• Planning: Developing and initiating short- and medium-term action plans and long-term national roadmaps linked to nationally determined contributions and other national strategies to achieve zero-carbon buildings by 2050.
  • Enabling Action: Developing and initiate adoption of policies to support stakeholders to accelerate market transformation towards zero-carbon buildings.

“To ensure the success of this initiative, working together with local governments is fundamental. For this reason, Bogotá and Calí will be part of the project with the country's traditional and sustainable construction trade associations in order to build specific action plans that include monitoring systems and business models,” said Nicolás Galarza, Deputy Minister of Environment and Territorial Development, Colombia. “With this project, which is aligned with our Long-Term Climate Strategy, we seek to contribute to the fulfillment of our international commitments on climate change, such as the implementation of the NDC.” 

Since 2015, World Resources Institute’s Buildings Initiative has led the Building Efficiency Accelerator (BEA), a global partnership in support of the United Nations Sustainable Energy for All initiative to assist national and subnational governments with policy and programming to improve energy efficiency. The Zero Carbon Building Accelerator builds on this success and takes lessons, expertise and resources from the BEA to new ambitions, with a broader mandate to support global implementation of urgent climate goals through decarbonizing the world’s buildings by 2050.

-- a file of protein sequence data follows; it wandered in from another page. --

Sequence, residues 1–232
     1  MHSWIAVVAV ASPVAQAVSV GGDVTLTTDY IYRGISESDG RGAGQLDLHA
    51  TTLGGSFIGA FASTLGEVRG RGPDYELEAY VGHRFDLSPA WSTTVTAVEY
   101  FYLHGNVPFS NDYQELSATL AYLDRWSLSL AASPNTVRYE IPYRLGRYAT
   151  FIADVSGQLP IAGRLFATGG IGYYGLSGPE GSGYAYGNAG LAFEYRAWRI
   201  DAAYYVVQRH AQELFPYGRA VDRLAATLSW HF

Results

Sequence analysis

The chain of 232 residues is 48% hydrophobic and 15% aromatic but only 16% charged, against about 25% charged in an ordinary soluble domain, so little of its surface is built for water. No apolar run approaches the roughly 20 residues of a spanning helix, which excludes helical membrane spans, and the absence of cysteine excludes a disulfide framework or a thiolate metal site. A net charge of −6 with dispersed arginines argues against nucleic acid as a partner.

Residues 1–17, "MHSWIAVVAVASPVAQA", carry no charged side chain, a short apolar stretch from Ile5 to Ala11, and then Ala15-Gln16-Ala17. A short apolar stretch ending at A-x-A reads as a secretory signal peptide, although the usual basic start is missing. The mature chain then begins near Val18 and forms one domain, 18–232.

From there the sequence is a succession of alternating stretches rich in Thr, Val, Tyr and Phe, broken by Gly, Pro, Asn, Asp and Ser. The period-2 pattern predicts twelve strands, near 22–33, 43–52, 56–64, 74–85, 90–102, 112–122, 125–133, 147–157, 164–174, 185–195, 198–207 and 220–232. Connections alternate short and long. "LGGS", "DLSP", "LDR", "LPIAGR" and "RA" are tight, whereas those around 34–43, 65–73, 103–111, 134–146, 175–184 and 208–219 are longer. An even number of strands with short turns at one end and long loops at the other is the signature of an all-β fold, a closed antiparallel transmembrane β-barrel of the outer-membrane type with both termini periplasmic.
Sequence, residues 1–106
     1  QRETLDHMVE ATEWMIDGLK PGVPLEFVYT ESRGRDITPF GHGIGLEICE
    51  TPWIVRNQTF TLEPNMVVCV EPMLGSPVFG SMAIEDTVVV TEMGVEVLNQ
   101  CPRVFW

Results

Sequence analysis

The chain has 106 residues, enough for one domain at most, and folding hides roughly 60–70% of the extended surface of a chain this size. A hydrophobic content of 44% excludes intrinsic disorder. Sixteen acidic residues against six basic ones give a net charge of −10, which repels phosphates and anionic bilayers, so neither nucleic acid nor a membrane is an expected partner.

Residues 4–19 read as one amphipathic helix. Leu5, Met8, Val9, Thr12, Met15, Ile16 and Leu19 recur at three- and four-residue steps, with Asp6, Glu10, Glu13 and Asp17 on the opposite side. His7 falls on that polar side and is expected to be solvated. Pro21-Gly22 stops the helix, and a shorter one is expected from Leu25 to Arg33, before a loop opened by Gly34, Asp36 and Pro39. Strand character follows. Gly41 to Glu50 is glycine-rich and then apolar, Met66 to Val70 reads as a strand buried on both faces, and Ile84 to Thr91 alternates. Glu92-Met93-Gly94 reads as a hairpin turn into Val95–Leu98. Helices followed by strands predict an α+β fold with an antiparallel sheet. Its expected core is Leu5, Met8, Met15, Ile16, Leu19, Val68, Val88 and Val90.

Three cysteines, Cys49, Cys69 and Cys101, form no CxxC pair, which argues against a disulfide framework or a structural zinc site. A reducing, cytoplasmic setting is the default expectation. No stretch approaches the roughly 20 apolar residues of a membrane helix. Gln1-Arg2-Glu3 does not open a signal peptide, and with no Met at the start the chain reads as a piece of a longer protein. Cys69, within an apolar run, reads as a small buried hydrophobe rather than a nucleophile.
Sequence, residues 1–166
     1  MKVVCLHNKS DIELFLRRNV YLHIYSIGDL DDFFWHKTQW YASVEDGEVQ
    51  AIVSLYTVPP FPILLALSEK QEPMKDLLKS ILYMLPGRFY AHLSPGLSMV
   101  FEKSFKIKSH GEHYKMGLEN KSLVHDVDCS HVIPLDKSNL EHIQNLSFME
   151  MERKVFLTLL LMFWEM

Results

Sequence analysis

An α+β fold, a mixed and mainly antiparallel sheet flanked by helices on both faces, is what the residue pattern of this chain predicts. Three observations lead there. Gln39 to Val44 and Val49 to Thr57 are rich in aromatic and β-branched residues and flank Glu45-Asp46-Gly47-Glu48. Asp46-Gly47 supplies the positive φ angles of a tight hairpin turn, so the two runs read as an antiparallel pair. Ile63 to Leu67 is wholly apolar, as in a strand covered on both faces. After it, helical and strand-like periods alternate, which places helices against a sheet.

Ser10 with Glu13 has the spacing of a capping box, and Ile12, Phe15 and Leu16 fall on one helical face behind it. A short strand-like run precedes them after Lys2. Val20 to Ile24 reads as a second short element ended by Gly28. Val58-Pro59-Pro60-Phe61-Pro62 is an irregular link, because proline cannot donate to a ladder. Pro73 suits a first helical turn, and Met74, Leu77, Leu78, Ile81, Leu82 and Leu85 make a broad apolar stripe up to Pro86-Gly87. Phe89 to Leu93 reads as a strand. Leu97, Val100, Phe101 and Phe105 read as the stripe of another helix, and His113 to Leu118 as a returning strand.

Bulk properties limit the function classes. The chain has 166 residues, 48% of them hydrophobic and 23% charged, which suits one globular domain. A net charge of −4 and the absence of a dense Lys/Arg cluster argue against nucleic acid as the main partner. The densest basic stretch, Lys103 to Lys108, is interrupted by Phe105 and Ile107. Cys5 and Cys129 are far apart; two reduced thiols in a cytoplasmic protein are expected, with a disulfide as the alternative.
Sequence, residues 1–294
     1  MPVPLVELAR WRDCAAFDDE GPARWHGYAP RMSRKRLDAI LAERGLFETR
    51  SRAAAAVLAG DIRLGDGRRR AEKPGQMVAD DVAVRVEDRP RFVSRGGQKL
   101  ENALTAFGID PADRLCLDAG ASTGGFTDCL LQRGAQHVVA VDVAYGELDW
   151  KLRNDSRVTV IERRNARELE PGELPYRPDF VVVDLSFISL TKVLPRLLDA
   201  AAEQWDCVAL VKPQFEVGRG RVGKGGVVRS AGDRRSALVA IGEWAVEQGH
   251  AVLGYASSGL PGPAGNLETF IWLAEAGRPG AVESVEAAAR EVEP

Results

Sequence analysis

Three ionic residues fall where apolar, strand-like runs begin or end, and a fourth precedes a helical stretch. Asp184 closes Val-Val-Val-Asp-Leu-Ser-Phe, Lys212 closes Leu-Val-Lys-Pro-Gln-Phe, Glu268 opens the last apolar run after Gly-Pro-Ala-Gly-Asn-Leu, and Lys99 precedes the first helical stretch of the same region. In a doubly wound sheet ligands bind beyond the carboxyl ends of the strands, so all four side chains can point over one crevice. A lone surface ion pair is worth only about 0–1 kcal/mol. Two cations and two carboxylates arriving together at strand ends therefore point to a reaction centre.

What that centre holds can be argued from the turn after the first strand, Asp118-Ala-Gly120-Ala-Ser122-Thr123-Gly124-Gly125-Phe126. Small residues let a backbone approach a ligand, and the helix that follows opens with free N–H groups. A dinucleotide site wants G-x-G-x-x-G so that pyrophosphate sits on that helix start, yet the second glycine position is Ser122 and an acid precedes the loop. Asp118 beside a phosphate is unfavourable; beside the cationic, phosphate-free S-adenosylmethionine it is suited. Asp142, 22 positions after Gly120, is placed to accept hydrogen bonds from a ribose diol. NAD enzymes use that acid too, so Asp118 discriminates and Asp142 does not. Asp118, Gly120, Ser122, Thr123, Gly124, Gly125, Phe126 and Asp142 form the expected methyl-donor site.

“Getting to zero-carbon in buildings by 2050 requires the alignment of national ambition with local implementation on the ground,” said Clay Nesler, Global Lead for Buildings and Energy, WRI Ross Center for Sustainable Cities. “The Zero Carbon Building Accelerator will assist countries and cities in defining viable pathways for action including policy development, capacity building and financial support.”

“Turkey supports global efforts like the Zero Carbon Building Accelerator which integrate climate change policies in development policies,” said Güneş Cansız, Director of WRI Türkiye Sustainable Cities. “The Turkish Ministry of Environment and Urbanization is making significant environmental investments to reduce its ecological footprint, and to mitigate the adverse impacts of environmental pollution and global climate change.”

Learn more about the Zero Carbon Building Accelerator here


World Resources Institute
WRI is a global research organization that spans more than 60 countries, with international offices in Brazil, China, India, Indonesia, Mexico and the United States, regional offices in Ethiopia (for Africa) and the Netherlands (for Europe), and program offices in the Democratic Republic of Congo, Turkey and the United Kingdom. Our more than 1,400 experts and staff turn big ideas into action at the nexus of environment, economic opportunity and human well-being. More information at www.wri.org.